It’s perhaps a little less so in this day and age because of the mere fact that things just change so rapidly, that being the fact that traditions are rather hard to transcend with the introduction of contemporary paradigms. This perhaps applies to pretty much every area of life, but what I’m specifically talking about in this instance is the world of design trends – interior design and lifestyle trends to be absolutely specific.
Not too long ago we were accustomed to some uniquely character-filled styles by way of how our mothers and grandmothers did up their houses, something which perhaps mirrored the common way of life. I mean you’d typically have a beautifully decorated house both on the inside and outside, with focus on the outside telling a story of how there was more of an emphasis on enjoying the outdoors than what we see today.
A couple of rocking chairs out on the porch seem to be a long gone memory by now, replaced by home designs that seek to maximise pretty much all the space for use in the interior of the house. It’s quite the jump from classic living to ultra modern living, but whether good or bad, ultra modern living is symbolic of the times we live in, where pretty much everything has to be clinical, precise and if there’s a time factor involved, it has to be efficient in that regard.
That’s why we have non-stain, quick-drying floors and other such “life-resistant” interior surfaces and that’s why often times a home could feel a little more sterile than what your grandma might approve of. It’s not all bad, if it’s bad at all to be honest.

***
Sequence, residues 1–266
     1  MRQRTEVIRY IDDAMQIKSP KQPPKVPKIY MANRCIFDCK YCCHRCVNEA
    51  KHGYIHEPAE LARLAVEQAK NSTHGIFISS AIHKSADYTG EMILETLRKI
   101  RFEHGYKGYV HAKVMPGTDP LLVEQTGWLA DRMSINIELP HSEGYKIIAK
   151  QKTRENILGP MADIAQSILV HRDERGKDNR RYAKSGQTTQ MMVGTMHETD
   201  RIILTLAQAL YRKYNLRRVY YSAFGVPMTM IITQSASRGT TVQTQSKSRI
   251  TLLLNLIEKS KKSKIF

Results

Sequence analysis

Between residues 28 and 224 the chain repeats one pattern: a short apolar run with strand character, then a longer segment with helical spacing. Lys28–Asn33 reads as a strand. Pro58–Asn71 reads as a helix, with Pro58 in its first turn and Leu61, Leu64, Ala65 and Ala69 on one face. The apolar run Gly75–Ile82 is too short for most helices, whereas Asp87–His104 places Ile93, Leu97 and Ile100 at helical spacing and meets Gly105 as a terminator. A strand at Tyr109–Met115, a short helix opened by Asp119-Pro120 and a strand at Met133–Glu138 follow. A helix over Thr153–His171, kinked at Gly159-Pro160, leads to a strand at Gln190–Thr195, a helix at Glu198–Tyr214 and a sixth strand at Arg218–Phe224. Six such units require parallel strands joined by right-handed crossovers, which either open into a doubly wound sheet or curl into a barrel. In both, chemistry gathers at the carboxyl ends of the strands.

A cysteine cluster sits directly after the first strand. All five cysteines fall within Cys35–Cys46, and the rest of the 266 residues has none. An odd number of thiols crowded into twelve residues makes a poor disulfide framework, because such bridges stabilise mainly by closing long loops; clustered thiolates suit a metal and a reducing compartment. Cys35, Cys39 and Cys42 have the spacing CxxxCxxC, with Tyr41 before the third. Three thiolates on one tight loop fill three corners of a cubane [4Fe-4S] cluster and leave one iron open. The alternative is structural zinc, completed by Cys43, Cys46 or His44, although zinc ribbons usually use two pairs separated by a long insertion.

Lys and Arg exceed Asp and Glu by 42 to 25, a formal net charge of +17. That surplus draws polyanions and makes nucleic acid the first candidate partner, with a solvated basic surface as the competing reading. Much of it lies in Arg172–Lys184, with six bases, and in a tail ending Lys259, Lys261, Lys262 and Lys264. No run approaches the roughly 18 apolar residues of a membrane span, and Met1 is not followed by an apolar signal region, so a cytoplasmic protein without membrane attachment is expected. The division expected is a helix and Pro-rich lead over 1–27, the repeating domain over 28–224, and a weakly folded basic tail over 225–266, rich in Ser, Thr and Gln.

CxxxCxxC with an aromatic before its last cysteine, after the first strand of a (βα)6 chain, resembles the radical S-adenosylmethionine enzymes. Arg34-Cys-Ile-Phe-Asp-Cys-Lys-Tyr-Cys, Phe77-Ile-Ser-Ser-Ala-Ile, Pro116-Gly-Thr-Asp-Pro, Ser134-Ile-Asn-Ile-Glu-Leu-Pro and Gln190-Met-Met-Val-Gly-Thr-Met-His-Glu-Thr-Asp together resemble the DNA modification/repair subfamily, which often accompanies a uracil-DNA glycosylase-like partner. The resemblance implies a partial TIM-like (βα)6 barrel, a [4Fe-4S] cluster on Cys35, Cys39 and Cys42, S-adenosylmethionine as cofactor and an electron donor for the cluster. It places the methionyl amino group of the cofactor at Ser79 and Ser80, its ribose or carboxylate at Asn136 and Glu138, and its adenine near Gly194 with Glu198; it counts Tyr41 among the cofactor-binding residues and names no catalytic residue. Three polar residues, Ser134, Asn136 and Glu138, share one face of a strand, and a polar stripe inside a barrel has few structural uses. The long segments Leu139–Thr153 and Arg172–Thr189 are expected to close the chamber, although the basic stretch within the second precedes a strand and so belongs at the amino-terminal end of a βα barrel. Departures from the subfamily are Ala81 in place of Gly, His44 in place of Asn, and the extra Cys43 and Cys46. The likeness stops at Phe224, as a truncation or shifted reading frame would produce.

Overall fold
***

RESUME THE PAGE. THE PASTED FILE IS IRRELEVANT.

I mean a home is made into exactly that by its occupants, so even if the interior space is dominated by super clean lines, shiny surfaces and it assumes a “life-resistant” appearance, you’re all still going to make a mess when you allow life to happen and you’re all still going to miss that feeling of the comforts of home when you’re out and away for too long.
So the allure of ultra modern living is deeply rooted in nothing more than the fast-paced life we’re all forced to live nowadays, as nothing more than a matter of survival. The “harder” surfaces you interact with aren’t meant to offer comfort for too long, merely as a means to stimulate productivity and efficiency, so that’s why it’s very difficult to find something like a super comfortable home office chair, for example.
The generally smaller-sized beds are designed to offer the best anatomical support so that you get a good night’s sleep for the few hours you can manage to get your shut-eye, as opposed to being built to have you lazing around in them for hours upon hours on end, over the weekend.
The ultra modern living allure is all about less being more, but there’s an element of disposability about it all. It’s not so much a matter of planned obsolescence per se, but rather about things being disposable so that they can be changed while one keeps up with the times.